Tanacetum parthenium

Common Name: Feverfew, Feather Oil, Flirtwort, Midsummers Daisy 
Family: Asteraceae/Compositae
Part/s Used: Flowers, leaves and soft stems
Energetics: Cooling, drying
Taste: Bitter, pungent, acrid, spicy 
Actions: Diaphoretic, anti-inflammatory, analgesic, anti-carcinogenic, antimicrobial, bitter, carminative, decongestant, diaphoretic, febrifuge, tonic, vermifuge, spasmolytic
Organ System Affinity: Nervous system, digestive system
Key constituents: Sesquiterpene lactones (parthenolide), volatile oils; bitter resin, pyrethrin, tannins, flavonoids (apigenin, centaureidin, chrysoeriol, jaceidin, luteolin, quercetin, santin)
Tissue state: Heat excitation
Planet: Venus
Element: Water
Magick and Ritual uses: Carry a petite bundle of Feverfew with you as a talisman for protection against fevers and colds, especially during your travels through unknown lands and energies. Plant this enchanted herb around your dwelling to form a protective barrier, repelling negativity and ensuring only harmonious vibrations enter your sacred space

Medicinal Preparations: 

Tincture: Fresh 1:3+
Drops: 5-60   Times a day: 3x

Capsules: 1-2 "00"  Times a day: 3x
Tea: Steep 2- 8 fresh leaves in boiling water, but do not boil them, since boiling breaks down the active parthenolides. Feverfew makes a very bitter tea on its own, combine with other palatable herbs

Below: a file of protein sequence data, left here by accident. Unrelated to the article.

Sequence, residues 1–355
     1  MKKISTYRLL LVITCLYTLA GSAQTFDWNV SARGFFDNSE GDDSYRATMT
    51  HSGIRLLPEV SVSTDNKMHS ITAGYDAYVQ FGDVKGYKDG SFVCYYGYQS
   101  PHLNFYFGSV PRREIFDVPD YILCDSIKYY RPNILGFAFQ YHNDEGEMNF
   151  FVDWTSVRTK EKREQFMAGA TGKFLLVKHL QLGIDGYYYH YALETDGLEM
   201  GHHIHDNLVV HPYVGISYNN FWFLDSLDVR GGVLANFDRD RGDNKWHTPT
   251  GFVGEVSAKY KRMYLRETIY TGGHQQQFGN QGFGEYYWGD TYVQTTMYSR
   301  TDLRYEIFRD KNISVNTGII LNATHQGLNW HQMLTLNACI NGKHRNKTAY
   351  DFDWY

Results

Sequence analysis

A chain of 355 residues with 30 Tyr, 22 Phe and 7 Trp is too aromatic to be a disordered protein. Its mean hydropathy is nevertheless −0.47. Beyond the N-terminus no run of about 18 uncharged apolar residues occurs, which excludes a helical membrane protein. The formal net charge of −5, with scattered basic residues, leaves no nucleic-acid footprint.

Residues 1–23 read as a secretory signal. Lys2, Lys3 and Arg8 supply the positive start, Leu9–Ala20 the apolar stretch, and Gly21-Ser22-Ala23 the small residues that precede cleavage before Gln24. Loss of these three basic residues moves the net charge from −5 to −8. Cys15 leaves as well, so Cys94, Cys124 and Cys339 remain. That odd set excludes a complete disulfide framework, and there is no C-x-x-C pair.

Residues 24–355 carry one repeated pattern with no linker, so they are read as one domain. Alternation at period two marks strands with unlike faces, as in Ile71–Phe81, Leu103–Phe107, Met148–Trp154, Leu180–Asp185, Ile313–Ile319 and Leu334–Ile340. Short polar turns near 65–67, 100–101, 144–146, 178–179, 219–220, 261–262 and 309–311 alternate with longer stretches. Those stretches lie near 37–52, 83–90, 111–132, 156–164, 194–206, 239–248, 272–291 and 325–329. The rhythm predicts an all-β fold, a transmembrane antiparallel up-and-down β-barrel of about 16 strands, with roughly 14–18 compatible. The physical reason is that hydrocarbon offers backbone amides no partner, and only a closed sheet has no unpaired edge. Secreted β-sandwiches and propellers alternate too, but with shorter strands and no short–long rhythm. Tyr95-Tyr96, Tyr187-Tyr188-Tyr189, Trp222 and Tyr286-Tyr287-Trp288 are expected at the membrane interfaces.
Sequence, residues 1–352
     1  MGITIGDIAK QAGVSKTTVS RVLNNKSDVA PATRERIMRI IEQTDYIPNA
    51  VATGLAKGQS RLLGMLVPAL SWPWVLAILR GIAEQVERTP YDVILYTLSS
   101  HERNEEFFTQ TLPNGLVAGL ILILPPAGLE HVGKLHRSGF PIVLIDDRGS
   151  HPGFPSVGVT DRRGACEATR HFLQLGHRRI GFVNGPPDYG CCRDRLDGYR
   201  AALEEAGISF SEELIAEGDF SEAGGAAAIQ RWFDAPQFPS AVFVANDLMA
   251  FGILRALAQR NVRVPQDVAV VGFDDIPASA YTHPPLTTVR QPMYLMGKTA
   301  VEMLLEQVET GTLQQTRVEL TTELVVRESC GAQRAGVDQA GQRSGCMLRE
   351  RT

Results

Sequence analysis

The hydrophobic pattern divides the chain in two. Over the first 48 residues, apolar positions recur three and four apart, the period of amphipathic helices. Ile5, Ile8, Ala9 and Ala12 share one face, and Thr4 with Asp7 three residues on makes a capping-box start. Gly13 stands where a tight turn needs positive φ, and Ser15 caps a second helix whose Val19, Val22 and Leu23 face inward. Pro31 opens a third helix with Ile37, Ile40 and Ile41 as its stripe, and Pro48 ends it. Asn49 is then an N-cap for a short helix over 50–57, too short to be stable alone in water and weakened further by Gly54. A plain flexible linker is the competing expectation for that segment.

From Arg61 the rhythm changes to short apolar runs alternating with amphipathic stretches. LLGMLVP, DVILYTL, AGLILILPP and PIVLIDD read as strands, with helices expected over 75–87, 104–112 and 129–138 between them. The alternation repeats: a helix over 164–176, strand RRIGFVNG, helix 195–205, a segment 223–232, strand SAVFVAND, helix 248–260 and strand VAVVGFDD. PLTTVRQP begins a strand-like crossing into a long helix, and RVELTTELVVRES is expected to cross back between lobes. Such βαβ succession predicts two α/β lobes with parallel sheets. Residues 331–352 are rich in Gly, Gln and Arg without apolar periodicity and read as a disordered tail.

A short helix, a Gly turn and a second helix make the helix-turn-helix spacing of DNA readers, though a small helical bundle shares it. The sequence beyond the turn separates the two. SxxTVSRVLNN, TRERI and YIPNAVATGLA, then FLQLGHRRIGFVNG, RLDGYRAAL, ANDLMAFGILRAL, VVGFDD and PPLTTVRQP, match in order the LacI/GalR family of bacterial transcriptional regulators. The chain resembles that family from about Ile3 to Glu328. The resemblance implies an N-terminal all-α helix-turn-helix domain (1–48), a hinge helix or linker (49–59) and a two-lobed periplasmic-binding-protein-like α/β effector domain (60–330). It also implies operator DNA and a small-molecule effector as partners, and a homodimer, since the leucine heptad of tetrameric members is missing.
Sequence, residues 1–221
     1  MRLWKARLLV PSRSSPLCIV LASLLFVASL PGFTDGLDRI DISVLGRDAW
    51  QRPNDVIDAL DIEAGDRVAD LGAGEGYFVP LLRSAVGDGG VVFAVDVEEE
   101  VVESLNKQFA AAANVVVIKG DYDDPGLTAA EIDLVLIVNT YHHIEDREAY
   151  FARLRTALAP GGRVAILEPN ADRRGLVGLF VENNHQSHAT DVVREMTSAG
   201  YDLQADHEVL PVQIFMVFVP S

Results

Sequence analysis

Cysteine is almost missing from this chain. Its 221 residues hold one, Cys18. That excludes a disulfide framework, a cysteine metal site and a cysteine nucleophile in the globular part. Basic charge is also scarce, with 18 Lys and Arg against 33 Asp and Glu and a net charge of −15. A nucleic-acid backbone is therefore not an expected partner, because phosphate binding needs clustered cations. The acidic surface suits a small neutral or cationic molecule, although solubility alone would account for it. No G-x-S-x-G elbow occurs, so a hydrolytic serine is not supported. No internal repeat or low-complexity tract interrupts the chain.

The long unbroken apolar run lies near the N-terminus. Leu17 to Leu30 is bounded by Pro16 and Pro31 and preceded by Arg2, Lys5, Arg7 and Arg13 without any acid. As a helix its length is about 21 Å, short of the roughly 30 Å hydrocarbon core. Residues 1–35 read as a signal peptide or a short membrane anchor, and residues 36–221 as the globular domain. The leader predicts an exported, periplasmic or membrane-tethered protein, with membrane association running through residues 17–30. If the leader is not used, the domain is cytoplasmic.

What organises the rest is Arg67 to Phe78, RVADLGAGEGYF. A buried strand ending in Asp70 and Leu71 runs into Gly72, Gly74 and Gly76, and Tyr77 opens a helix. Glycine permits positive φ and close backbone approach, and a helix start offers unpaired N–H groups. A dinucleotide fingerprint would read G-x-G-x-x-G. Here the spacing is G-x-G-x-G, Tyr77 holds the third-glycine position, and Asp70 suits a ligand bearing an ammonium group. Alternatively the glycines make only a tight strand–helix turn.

Habitat and Botanical Description: 


Feverfew, with its cerebral tonic attributes, is a revered herb in both traditional and mystical realms, particularly for the prolonged prevention of migraine headaches. This herb, imbued with natural energies, diminishes inflammation and responses to allergens, bringing relief to those plagued by sensitivities. When embraced as a preventative elixir for an extended duration (a lunar quarter at least), Feverfew can weave its magic to mitigate the frequency and intensity of migraine headaches. Consuming its fresh leaves, kissed by dew and moonlight, is recognized as advantageous during the initial emergence of symptoms, offering a shield against the flashes of light and ethereal lightheadedness that prelude migraines.

In scenarios where migraines manifest from an overheated liver, a condition reminiscent of fire element imbalance, Feverfew's cooling, water-aligned properties harmonize the excessive heat, alleviating the searing, tense discomfort in the head.

Contrary to the elemental associations suggested by its name and historical applications, Feverfew in contemporary herbalism and witchery is not solely invoked for fevers. Instead, it is summoned for its analgesic and antimicrobial virtues, casting a protective aura against symptoms of colds and flu, including feverish shivers and throbbing headaches.

With its potent anti-inflammatory and pain-alleviating energies, Feverfew also finds its sacred place in remedies for managing arthritis, toothaches, and the cyclical pain of menstruation. Being a herb aligned with bitterness, it is a conduit for enhancing digestive energies. The bitterness of its brewed potion may be challenging for some palates, making tinctures – the essence of Feverfew captured in liquid form – a cherished alternative. These tinctures, with their swift effects, are a magical addition to herbal first aid kits, especially when the herb, fresh from the garden’s whispers, is not within reach.